In Cologne’s little Istanbul, centred on Keupstrasse, the business of daily life is hardly affected by the German election that looms on September 24.
Delivery vans make stops, barber shops do a brisk trade and there is plenty of chatter in the coffee shops. But a battle for the loyalties of the mainly Turkish residents of the area has left a bitter aftertaste to rival that of the coffee.
Mustafa Beihan is one of the 1.3 million Germans of Turkish origin that Turkey's president, Recep Tayyip Erdogan, was referring to when he asserted that none of his ethnic kin would vote for the “enemies of Turkey”.
Mr Erdogan’s speech appeared to be targeted at the mainstream centre-right, centre-left and Green parties, all of which have been highly critical of Turkey’s round up of journalists and oppositions activists. As Mr Beihan pointed out to Germany’s Deutsche Welle television channel, this left him with little option but to vote for the smaller parties, some with messages antithetical to his interests, such as the far-right.
"It was really unfortunate of him," Mr Beihan said. "If I'm not supposed to vote for the CDU, SPD or the Greens, then who am I supposed to vote for? The Free Democrats? Or even the Alternative for Germany?"
Cologne has one of the densest concentrations of Turkish-origin voters anywhere in Germany. More than a quarter of the city centre population has Turkish heritage. It may not be a coincidence that the city has barely featured on Angela Merkel's campaign stops as she seeks to secure a fourth term as chancellor.
The election has come amid a steady erosion of trust between Berlin and Ankara. Mrs Merkel was accused of courting populists when she questioned the future of Turkish talks on EU accession.On Wednesday, Germany even took the extraordinary decision to upgrade the security classification for civil servants travelling to Turkey to the highest category. Even though Turkey is a fellow NATO state, the German foreign office imposed the sort of secrecy restrictions on officials that applies to travel to predatory nations like China and Russia.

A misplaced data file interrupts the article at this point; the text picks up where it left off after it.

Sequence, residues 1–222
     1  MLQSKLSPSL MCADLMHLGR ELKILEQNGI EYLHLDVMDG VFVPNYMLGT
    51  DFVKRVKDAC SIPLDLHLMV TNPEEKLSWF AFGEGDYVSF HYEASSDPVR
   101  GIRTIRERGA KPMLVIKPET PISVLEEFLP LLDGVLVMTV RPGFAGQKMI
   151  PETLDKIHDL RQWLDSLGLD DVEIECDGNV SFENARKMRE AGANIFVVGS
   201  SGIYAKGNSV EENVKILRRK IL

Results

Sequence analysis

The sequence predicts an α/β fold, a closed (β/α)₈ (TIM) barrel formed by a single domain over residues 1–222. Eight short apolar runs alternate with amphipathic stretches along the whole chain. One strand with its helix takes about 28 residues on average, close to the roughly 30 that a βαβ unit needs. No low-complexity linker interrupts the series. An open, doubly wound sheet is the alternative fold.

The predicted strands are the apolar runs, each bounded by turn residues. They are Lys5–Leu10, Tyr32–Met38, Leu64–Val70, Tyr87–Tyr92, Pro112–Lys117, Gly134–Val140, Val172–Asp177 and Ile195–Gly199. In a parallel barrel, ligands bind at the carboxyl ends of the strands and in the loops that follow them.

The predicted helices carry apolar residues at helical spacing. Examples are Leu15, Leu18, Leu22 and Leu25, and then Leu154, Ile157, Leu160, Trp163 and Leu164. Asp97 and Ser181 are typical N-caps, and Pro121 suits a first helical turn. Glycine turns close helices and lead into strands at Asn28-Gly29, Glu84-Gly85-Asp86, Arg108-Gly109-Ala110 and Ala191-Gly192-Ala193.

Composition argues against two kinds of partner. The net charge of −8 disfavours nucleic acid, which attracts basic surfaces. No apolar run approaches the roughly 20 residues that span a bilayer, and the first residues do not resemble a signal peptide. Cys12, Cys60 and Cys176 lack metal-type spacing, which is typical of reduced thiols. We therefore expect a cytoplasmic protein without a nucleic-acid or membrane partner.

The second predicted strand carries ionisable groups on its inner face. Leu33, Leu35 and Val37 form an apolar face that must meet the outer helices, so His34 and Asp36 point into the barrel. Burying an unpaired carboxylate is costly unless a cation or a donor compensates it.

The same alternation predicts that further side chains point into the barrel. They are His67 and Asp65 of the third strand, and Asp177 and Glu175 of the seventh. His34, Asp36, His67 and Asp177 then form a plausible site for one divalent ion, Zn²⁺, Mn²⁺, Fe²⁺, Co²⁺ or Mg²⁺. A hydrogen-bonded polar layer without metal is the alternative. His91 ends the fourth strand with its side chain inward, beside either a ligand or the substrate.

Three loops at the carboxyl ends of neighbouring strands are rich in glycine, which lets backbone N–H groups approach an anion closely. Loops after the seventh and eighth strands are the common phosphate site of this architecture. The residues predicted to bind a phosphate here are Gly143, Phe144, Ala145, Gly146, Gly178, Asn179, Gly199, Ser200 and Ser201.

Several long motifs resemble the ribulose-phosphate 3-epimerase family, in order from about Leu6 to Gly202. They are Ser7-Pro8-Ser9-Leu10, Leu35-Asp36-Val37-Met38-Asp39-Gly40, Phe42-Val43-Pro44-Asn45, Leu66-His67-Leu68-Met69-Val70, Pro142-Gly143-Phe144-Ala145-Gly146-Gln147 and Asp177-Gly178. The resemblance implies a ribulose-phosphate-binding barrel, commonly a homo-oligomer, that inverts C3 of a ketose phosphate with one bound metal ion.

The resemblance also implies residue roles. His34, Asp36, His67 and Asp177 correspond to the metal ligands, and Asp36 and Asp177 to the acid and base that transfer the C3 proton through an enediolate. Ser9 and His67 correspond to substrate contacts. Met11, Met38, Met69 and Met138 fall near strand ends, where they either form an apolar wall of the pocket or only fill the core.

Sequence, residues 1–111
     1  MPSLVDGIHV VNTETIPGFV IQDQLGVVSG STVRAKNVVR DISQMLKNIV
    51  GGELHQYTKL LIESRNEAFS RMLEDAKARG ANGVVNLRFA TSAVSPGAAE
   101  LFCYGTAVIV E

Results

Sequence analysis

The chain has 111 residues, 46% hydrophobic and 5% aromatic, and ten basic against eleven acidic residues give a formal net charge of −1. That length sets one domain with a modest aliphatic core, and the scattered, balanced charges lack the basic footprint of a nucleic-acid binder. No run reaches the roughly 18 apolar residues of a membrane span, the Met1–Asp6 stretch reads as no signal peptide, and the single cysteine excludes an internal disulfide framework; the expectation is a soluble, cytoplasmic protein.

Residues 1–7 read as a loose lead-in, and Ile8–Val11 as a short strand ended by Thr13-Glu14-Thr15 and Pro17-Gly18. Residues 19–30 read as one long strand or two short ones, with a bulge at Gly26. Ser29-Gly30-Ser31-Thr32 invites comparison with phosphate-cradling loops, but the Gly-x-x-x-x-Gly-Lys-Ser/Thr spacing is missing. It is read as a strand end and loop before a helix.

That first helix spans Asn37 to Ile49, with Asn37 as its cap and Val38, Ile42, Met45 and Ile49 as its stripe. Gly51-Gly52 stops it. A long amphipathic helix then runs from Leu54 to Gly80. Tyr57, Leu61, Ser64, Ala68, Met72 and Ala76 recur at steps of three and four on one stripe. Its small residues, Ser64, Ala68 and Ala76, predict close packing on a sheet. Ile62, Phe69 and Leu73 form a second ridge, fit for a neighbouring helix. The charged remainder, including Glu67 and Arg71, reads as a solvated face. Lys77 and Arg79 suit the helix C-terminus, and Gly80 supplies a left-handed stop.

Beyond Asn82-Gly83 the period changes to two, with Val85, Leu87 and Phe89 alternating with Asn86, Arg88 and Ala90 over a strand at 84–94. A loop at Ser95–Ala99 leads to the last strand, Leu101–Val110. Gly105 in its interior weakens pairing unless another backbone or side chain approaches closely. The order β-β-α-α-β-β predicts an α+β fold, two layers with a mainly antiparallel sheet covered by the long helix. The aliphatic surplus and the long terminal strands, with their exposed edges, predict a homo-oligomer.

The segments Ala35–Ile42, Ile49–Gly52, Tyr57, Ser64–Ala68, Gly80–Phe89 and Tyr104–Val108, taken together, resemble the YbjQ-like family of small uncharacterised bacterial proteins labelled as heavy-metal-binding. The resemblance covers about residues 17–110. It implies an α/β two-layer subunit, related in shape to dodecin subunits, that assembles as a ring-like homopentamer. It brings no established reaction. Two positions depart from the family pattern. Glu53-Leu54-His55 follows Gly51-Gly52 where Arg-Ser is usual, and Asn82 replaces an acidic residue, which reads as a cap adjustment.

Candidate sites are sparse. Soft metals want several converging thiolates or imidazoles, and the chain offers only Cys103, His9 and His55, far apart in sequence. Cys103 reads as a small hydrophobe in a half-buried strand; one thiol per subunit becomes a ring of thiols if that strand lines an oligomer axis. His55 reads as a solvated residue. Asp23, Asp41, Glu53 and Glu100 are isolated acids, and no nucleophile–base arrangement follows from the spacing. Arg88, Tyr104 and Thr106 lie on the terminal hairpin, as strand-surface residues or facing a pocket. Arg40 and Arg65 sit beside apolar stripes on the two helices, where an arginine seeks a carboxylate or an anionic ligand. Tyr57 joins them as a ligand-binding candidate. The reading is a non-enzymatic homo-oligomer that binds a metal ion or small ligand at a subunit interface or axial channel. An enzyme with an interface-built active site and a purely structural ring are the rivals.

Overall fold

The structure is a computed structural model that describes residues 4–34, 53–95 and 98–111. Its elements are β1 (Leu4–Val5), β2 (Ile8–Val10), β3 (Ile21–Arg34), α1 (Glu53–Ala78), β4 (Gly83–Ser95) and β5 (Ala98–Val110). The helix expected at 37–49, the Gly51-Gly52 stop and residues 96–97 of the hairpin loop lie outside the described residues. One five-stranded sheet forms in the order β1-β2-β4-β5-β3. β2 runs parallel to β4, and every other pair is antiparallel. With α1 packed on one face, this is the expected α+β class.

The developments have heightened the mistrust of voters like Mr Beihan. "Maybe Erdogan is speaking the truth but he could say it more diplomatically," he said. "We have to see to it that we get rid of these disagreements and then look forward.”
It is not just Turkish voters that have turned away from Mrs Merkel. A sustained propaganda campaign has eroded support for the Russian-speaking chancellor among another key demographic.
Eugen Schmidt, a computer programmer from Cologne, is a campaigner for the Alternative for Germany (AfD) the far-Right party that is polling around 8 per cent, enough to gain seats in the country’s parliament. Schmidt is one of 2.5 million Germans with Russian roots. He claims his political epiphany came when only the Russian language media reported the “truth” of the New Year 2016 attacks on women in the city.
“That was the last straw for me,” he said. “It only came out through Russian media and Facebook.”
Among the stories peddled by Russian sites last year was a fake tale of a Russian-German girl called Lisa who was abducted and raped by Arab migrants. The story wasn’t true and German officials warned against “political propaganda” emanating from Moscow.
But the AfD’s anti-immigrant message has chimed with Mr Schmidt, who wants to see strict curbs on the new communities and a reversal of the 2015 open door invitation to refugees fleeing the conflict in Syria and Iraq.
“Something needs to change or at some point we’ll just have to flee this country,” he declared.
Latest polls show Mrs Merkel is far ahead of her main Social Democratic rival on 37 per cent versus 23 per cent. But the far-right surge has hurt her. The free market liberal FDP, which has been the preferred coalition partner of Merkel’s conservatives, is only on 9 per cent, the same as the AfD. The option of another right-left grand coalition is now the most likely outcome of the vote.
Fears that the election would see extensive Russia meddling by internet bots and other technologies peddling sensational information, have not been borne out so far.
Officials this week warned that Germany’s vote-counting apparatus was vulnerable to hacking to change the outcome. One expert at a centre set up to expose Kremlin-backed fake news warned that the Russians may yet be planning a late intervention.
Maksymilian Czuperski of the Atlantic Council’s Digital Forensic Research Lab said the flow of misinformation and activity spreading fake news had dropped off significantly since the campaign had got underway, and that worried him.
“Why is it so quiet?" he said. "It doesn’t feel right.”